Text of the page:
Federal auditors spotted "significant management weaknesses" in the Centers for Disease Control and Prevention (CDC) system for regulating potential bioweapons, according to a letter sent just weeks before a new, expanded list of these dangerous agents is due to be released. The US General Accounting Office (GAO) found holes in CDC's methodology for registering laboratories that ship dangerous organisms and toxins, gaps significant enough to let the substances slip into the hands of terrorists.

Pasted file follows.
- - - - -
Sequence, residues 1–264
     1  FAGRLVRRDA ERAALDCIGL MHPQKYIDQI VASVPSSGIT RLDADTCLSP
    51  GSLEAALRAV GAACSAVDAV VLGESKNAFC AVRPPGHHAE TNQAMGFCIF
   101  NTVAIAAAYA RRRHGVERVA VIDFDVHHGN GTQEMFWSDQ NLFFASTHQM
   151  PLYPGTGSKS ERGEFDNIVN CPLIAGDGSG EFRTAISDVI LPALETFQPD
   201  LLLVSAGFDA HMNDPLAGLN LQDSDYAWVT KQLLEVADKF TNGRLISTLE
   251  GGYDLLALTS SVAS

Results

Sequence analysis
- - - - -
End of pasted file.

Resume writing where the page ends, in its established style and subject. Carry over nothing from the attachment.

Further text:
The Atlanta-based public health agency agrees with the GAO findings, which were reported in a November 22 letter to US Department of Health and Human Services (HHS) secretary Tommy Thompson.

"We've taken some action on some of those criticisms," CDC spokesman David Daigle told The Scientist. The agency has temporarily moved the laboratory oversight function with its staff authorization of 19 people to its National Center for Infectious Diseases (NCID) division, an effort to increase...

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